The search for scholarly journal articles was done online, through La Salle University’s Connelly Library. The two databases used in the search process were CINAHL and PubMed. To search for articles, the dates selected were from 2013-2018 and limited to only the English language. Different combinations of the following keywords were used to search for articles: cancer, oncology, pain, music, music therapy, chemotherapy, patients. The articles had to involve adults that had a diagnosis of cancer, therefore, all other diseases, as well as pediatric studies, were omitted. After narrowing down and reviewing the remaining the articles, six articles were selected for research.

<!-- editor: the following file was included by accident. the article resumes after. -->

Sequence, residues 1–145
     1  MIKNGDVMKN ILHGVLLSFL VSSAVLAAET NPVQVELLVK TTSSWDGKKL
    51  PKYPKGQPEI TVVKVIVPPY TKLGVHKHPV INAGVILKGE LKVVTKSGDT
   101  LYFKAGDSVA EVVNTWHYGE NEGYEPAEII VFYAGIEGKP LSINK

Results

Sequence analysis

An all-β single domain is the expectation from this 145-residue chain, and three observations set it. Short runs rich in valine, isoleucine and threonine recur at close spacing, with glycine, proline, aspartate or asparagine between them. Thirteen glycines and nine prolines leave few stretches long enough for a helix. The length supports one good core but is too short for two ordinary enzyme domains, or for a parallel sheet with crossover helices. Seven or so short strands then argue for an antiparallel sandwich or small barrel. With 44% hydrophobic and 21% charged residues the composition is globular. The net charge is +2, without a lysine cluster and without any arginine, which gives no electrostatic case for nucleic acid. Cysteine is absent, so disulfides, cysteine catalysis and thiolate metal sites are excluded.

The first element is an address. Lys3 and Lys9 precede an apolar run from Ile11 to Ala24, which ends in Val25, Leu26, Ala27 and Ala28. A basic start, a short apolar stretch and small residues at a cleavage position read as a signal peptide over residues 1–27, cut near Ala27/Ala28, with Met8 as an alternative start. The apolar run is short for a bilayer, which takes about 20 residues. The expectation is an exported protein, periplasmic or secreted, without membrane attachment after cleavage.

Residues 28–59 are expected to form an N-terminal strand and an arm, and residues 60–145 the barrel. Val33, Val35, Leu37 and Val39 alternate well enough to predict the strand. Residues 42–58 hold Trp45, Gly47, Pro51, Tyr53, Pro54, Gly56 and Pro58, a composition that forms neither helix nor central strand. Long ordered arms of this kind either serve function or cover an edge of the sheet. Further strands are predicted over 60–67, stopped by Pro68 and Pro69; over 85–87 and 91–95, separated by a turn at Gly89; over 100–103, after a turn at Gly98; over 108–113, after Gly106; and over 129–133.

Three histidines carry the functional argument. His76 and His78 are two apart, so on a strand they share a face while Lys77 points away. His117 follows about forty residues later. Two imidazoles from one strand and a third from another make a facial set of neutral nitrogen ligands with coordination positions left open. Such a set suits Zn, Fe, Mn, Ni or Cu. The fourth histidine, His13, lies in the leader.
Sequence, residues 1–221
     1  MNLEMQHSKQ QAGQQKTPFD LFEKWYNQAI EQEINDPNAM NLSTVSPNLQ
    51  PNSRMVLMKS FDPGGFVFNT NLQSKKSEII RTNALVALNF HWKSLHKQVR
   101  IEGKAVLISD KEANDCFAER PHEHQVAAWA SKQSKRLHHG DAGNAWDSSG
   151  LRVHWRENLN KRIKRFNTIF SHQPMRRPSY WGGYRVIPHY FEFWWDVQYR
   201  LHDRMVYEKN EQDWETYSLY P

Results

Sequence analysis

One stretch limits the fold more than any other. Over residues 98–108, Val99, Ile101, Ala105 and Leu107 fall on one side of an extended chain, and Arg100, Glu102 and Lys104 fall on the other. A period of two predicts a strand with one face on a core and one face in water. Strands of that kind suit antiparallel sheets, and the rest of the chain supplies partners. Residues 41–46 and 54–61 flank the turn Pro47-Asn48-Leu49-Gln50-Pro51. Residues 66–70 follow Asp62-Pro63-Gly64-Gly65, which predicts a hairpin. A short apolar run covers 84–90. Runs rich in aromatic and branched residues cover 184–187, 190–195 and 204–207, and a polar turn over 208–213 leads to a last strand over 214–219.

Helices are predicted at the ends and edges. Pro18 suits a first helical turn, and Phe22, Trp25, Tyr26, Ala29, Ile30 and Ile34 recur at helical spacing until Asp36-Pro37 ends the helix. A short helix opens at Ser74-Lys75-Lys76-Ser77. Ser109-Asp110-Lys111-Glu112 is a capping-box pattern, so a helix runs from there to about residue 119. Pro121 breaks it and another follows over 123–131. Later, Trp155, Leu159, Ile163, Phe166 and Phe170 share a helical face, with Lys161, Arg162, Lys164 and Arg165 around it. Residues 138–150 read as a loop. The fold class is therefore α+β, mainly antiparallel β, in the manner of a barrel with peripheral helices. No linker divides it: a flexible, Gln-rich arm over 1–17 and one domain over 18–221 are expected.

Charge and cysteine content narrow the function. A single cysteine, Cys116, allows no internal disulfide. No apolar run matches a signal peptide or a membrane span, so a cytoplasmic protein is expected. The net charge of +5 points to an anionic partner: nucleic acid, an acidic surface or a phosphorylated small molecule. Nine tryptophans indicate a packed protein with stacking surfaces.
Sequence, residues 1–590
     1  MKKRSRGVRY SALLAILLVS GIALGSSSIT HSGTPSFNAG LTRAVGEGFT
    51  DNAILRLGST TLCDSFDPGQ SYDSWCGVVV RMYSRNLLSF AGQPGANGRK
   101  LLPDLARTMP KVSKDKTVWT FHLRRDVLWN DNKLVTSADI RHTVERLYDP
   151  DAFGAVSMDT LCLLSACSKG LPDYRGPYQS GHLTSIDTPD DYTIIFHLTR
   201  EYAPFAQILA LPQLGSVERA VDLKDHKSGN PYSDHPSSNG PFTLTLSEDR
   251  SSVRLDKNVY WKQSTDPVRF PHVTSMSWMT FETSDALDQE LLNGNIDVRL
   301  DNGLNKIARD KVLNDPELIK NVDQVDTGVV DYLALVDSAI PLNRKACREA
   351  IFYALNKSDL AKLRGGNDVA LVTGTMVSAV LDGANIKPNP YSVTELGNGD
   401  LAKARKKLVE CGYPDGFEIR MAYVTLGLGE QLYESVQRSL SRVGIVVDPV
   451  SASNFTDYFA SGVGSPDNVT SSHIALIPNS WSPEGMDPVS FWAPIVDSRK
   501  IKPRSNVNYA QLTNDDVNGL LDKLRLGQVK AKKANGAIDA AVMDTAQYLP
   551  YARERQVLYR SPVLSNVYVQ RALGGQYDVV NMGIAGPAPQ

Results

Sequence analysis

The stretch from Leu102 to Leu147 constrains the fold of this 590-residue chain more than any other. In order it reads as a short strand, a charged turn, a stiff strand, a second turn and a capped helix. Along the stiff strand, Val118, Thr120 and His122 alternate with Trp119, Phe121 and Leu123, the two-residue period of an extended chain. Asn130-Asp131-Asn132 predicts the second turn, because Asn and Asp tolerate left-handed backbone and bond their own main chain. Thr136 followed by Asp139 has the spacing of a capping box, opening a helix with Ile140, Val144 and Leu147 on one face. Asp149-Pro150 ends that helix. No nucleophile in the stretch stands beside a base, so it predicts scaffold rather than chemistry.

Foster, Wiseman, and Pennert (2014) conducted a correlation study to assess the usefulness of music therapy for adult hemato-oncology patients. Convenience sampling was used on haemato-oncology inpatients to select 17 potential participants who were then approached by a music therapist and given printed information about the study. These inpatient participants did receive standard care, which includes pain medication. Participants were excluded from this study if they had employed music therapy in the past month or if they were unable to give consent. Among the 17 potential participants, two declined, resulting in 15 total participants for the study. Out of the 15 participants, 9 were female and 6 were male, with ages ranging from 27-56 and a mean of 56 years old. Regarding the diagnoses, five of the subjects had acute myeloid leukemia, three had chronic lymphoid leukemia, two had lymphoma, two had myelofibrosis, two had myeloma, and one had an unknown retro-sternal mass. To evaluate the patient’s pain before and after the music therapy, patients rated their pain on a FACES scale, which allows patients to pick a number from zero (no pain) to five (worst pain). Each participant had a single music therapy session lasting 20-45 minutes in either a single room or a music therapy room. The music therapist brought musical instruments along with song sheets to allow the patient to decide what to do. After the session, the subject filled out the FACES scale again. Bias was avoided by allowing the patient to fill out the score alone and put it in a sealed envelope so they did not feel pressure from the music therapist.